Let's say I have two layers with some black pixels on them:

enter image description here

What can I do with blending, masks, knockouts, etc, such that when these two black things overlap, they reveal the color underneath, like this?:

enter image description here

I accomplished the above with a jury-rigged technique of manually creating a white duplicate of one of the shapes and using a layer mask to reveal it in the right spot. What I'd like is a more streamlined way that doesn't need an additional pixel layer, and can keep the knockout effect as the two shapes are repositioned.

  • What's the nature of the layers? Pixel based? Shape Layers? Smart Objects? This is easy with shape/vector layers. Not so easy with pixel layers or smart objects. – Scott Aug 29 '17 at 19:38
  • @Scott - They're just two pixel layers. Shapes and vectors aren't options in my particular case. – bubbleking Aug 29 '17 at 19:42

This is a bit convoluted and won't easily translate to more complex artwork (i.e. anything other than solid black/white blocks of color), but it's the only way I can think to do this with pixel layers and have the effect "live" and update with any changes to the layers...

You can use the "Difference" blending mode on the top layer, which subtracts the color values of one layer from the other. The only problem being that blending with black produces no change; blending white with white however produces black...

If you can change the rectangles to white, set the top layer to "Difference" and invert the result (with an "Invert" adjustment layer), you can get close to the result you want:

enter image description here

Then if you want the background color to show through you can group the two rectangles, clip the invert adjustment layer to the group so that it doesn't affect the background, then set the group's blend mode to "Multiply":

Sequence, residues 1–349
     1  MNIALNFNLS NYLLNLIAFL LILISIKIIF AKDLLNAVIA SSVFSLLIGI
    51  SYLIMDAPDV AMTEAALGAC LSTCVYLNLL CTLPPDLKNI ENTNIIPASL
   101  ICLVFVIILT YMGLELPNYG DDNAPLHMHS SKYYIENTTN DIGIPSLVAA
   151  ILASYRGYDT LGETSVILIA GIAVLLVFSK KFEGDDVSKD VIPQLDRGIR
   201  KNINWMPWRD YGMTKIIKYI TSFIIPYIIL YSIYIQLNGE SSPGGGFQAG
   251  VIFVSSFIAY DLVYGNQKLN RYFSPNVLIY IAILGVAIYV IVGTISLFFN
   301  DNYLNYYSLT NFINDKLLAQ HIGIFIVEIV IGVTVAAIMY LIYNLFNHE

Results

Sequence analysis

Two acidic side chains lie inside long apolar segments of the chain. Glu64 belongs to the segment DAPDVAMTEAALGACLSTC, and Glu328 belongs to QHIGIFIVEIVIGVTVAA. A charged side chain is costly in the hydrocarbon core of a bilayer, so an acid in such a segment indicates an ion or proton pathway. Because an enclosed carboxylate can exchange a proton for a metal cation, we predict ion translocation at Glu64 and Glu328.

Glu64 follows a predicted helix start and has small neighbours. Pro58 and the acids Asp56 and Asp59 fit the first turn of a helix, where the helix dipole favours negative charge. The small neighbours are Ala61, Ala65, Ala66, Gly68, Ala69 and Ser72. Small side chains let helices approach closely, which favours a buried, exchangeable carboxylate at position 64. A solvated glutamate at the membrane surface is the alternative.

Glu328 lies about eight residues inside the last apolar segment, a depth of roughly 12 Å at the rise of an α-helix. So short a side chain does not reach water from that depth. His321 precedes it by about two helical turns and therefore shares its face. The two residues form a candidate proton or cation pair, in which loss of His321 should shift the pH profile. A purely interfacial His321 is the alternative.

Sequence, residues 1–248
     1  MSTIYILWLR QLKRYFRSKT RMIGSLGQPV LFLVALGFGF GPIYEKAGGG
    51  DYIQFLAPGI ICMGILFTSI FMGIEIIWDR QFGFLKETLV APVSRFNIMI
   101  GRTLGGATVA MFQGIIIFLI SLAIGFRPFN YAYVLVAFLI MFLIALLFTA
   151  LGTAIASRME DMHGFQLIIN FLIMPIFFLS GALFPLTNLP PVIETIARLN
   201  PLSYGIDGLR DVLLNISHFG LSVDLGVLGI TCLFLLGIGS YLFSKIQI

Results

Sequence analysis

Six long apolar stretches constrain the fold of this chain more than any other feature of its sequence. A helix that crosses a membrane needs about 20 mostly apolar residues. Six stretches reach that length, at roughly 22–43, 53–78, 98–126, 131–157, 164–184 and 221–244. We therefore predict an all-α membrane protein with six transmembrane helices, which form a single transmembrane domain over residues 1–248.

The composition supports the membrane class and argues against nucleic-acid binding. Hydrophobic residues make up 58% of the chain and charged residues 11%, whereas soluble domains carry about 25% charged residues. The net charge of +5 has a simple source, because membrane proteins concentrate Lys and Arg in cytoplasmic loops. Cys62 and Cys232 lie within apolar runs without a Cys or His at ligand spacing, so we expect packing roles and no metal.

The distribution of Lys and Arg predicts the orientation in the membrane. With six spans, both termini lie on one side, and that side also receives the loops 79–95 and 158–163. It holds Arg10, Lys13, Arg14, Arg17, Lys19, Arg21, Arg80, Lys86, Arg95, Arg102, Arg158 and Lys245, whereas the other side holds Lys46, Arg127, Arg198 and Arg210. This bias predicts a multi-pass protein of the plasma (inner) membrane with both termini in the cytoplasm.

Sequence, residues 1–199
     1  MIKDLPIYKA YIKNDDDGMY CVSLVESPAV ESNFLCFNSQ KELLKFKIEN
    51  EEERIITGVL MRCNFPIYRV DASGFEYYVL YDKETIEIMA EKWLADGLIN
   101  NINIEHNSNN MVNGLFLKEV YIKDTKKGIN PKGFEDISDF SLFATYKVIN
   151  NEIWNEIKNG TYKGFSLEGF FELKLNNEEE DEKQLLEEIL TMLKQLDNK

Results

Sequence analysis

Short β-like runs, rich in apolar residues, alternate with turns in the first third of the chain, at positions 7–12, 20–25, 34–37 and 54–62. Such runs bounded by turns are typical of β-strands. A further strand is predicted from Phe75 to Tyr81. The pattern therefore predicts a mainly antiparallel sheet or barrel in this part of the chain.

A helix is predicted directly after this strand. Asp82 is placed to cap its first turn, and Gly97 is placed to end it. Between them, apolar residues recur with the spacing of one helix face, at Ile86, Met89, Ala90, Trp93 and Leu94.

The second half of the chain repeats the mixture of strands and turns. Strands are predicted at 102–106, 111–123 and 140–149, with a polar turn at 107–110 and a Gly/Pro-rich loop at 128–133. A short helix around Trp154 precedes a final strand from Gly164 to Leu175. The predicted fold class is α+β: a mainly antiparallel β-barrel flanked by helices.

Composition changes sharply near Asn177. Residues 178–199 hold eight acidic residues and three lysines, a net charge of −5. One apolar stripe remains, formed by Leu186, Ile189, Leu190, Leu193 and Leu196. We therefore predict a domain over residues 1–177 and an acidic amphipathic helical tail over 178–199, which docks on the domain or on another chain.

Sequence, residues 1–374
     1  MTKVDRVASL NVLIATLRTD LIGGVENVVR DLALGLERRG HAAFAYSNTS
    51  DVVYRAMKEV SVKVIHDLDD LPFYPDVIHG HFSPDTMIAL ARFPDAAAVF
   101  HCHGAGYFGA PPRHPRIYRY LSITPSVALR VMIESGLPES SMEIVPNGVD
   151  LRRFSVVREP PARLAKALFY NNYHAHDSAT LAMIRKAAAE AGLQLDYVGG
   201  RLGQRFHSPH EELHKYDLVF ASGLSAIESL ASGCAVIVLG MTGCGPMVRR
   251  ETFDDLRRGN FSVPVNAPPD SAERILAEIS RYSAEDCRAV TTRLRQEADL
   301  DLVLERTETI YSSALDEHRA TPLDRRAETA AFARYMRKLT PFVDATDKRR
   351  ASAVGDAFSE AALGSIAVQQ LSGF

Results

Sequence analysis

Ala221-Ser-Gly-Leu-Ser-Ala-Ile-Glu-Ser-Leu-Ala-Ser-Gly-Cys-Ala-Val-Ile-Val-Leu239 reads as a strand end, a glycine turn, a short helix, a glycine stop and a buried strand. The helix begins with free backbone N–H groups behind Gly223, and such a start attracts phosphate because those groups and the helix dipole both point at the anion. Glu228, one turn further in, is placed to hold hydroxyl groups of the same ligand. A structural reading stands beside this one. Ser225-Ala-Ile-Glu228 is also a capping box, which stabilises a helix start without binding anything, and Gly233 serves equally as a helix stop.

enter image description here

If you can't change the black pixel layers to actually be white, you can just add a white color overlay to each of the black layers:

enter image description here

  • 1
    I selected this as the answer because it is closest to what I was asking for, in my opinion. I also came up with a similar method using clipping masks and locking a black and a white version of the same pixel-object together, but this solution is a little nicer, I think. – bubbleking Aug 30 '17 at 22:03

I'm betting there's a simpler way, but this way works without another layer and you could easily turn it into an action:

  • Step 1: Overlap two layers Step 1

  • Step 2: Ctrl/command-click the first layer in the layer panel to select its outline, then click the second layer. Press the 'add layer mask' button at the bottom of the layers panel. This hides anything but the A overlap from B. Step 2

  • Step 3: Repeat in reverse order. Ctrl/command-click the second layer, select the first layer, add layer mask. Now only the overlap is visible. We want to opposite though. Step 3

  • Step 4: Invert the layer masks by selecting each layer mask in the layers panel and pressing ctrl/command-I Step 4

You'll have to remove the layer masks and redo all the steps every time you move a layer, but it's actually relatively quick. Experiment with creating an action for it, perhaps? This technique works with more than two layers, as well.

  • 1
    This is a nice technique, and I didn't know about inverting layer masks like that! – bubbleking Aug 30 '17 at 21:57

Others have given answers here that will work in PS, however have you considered using Illustrator for this? It has a new feature called the Shaper Tool, which is used for making non-destructive combinations of shapes exactly like that.

I know you asked for Photoshop, but Illustrator makes such tasks super easy.

Here's an example of moving one of the shapes around inside a Shaper Group - with the overlap set to knock out.

enter image description here

  • 2
    Indeed. I was told by others this is easy in Illustrator. I've had "get comfortable with Illustrator" on my to-do list for well over a decade now, but still have yet to do it. ;) On the other hand, I've been using Photoshop for 20 years, so for this quick thing I needed to do, like usual, I had to make it work in PS. This is yet another reason for me to learn Illustrator, and is a welcome contribution. – bubbleking Aug 30 '17 at 22:01

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